Gone Gothic: The Turn of the Screw



Typically, the horror genre can be separated into the slasher type of story and the psychological thriller. This is true in the mediums of both literature and film. One is defined by the fact that the audience is shown all the violence and gore, while the other revels in the power of suggestion. An even further focusing of genre leads fans of psychological scares into the realm of the Gothic ghost story. Setting is a key characteristic of this type of tale (an isolated place, usually a large house, often in Victorian England), but a classic example of the genre also pioneers a narrative technique now popular in thrillers: the unreliable narrator. The Turn of the Screw achieves ambiguity and atmosphere through its use of an unreliable narrator and the story is all the more frightening because of it.

Henry James wrote The Turn of the Screw in 1898, when it was serialized in Collier’s Weekly magazine beginning in January of that year. He has already made a name for himself with the novel The Portrait of a Lady (1881) and he would later write some of his other best-known works like The Wings of the Dove (1902) and The Golden Bowl (1904). The Turn of the Screw remains James’ most famous short piece of fiction. In the story, a man relates to a group of friends a story in which a young woman is hired by a gentleman to be the governess for his orphaned niece and nephew at his country estate, Bly. She is to be in complete charge and not bother him, but once she settles into the place, she sees what she thinks are the ghosts of the previous governess and caretaker. She becomes convinced they want to possess the children and she must protect the boy and girl.

One of the most striking things about this novella when you read it now is how prescient it feels. With The Turn of the Screw, James accomplishes a stunning level of ambiguity. This is because James carefully uses elliptical language to present the story, so that the audience is fully able to interpret it both ways– the governess is correct about the ghosts or she is mad. Details on the page support each theory. The main character is never named in the story but she is one of the earliest examples of a narrator who may not be completely trustworthy. Is she able to accurately describe the dead caretaker, Peter Quint, because she really saw his ghost or because she glimpsed a picture of him? Are the children really scared of her when she tries to make them face the ghosts or are they just good actors? As a storytelling technique, using the point of view of a questionable character is well-suited to a scary tale because it adds a level of intellectual engagement for the reader or viewer.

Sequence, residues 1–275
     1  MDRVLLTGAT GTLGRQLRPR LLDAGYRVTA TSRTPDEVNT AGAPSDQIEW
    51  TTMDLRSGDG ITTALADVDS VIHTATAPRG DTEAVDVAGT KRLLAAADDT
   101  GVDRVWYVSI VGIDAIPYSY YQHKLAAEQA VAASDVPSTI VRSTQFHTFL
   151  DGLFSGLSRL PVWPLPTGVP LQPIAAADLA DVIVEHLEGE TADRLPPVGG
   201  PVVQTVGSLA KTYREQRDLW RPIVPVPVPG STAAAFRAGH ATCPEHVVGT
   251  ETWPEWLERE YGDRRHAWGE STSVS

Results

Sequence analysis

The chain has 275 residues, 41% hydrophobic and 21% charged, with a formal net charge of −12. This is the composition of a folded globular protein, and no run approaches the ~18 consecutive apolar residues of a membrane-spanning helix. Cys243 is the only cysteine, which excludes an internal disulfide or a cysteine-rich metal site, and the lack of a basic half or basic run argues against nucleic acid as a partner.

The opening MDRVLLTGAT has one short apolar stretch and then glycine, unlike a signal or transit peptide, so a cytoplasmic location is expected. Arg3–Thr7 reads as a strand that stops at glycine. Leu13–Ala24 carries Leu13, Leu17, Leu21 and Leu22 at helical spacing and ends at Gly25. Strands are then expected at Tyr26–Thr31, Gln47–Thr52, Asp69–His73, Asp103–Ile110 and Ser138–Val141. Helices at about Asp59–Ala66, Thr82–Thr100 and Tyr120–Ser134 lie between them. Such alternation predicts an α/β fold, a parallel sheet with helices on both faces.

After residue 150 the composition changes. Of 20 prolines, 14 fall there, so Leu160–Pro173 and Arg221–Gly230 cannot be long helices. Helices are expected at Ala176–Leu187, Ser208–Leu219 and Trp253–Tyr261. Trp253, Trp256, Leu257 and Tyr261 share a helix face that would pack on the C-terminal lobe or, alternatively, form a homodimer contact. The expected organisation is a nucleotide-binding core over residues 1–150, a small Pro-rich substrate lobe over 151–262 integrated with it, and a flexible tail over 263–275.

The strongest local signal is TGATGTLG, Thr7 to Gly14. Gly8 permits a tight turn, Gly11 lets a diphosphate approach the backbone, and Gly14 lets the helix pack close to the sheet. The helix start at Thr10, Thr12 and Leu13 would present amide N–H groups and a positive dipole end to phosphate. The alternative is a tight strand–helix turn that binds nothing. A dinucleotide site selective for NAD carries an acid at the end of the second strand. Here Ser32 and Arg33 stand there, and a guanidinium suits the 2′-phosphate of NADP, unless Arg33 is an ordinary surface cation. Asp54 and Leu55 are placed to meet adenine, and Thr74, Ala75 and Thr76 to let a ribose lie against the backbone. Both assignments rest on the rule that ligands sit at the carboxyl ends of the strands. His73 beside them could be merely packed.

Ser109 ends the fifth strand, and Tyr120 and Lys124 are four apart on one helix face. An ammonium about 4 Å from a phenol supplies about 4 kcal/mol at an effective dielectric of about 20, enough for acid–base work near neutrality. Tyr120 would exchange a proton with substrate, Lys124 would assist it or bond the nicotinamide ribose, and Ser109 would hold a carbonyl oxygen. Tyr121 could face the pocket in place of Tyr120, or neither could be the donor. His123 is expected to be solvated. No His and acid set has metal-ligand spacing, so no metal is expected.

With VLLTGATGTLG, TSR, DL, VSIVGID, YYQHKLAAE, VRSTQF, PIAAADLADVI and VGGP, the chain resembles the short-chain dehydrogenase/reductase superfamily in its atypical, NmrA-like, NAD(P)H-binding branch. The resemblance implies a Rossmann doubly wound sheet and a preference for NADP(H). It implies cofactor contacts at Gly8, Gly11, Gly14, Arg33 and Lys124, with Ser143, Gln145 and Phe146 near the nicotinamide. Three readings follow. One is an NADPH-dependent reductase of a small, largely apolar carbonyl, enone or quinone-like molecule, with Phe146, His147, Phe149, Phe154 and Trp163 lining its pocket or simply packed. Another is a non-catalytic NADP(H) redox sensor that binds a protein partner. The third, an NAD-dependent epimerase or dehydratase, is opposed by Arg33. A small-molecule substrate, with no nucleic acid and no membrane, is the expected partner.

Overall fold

Like with most classic literature, The Turn of the Screw has been filmed multiple times. A discussion of two of these adaptations highlights how the features of this story can be handled. The Innocents was released in 1961 and was directed by Jack Clayton starring Deborah Kerr. It is a movie version of a 1950 stage play titled The Innocents based on James’ novella, and one of the co-writers of this film was actually Truman Capote. Though Kerr is much too old to play the lead character, her performance is pitch-perfect. The black and white cinematography is also used to good effect, and the performances of the children stand out as well. Most importantly, the story is translated from the page as straightforwardly as possible. Daring staging choices allow the audience to consider both posible interpretations. In 2009, a television adaptation starring Michelle Dockery aried on BBC. This version shifts the setting forward slightly to the 1920s and adds scenes that feature a psychiatrist’s interactions with the governess after the events of the main action. There is no doubting this film shows support for “the governess is crazy” theory. (Fans of Downton Abbey will be happy to know, though, that Dan Stevens is on screen here with Dockery before that show as the psychiatrist.)

The Turn of the Screw is an ambiguous narrative and this is due in large part to it’s unreliable narrator. This intensifies the creepy atmosphere already present in a Gothic ghost story. Thrillers recently achieved a lot of popularity with this same feature, such as Gone Girl and The Girl on the Train. The unsettling feeling of not being able to trust the person who is actually relating a story is something that has a lot of impact. And of course, horror is all about impact.


ABOUT THE AUTHOR: Rachel Sexton is from Ohio. She loves her parents and her dog Lily. She has to have acting, film, reading, and dance in her life. Her hobby is editing fan videos.

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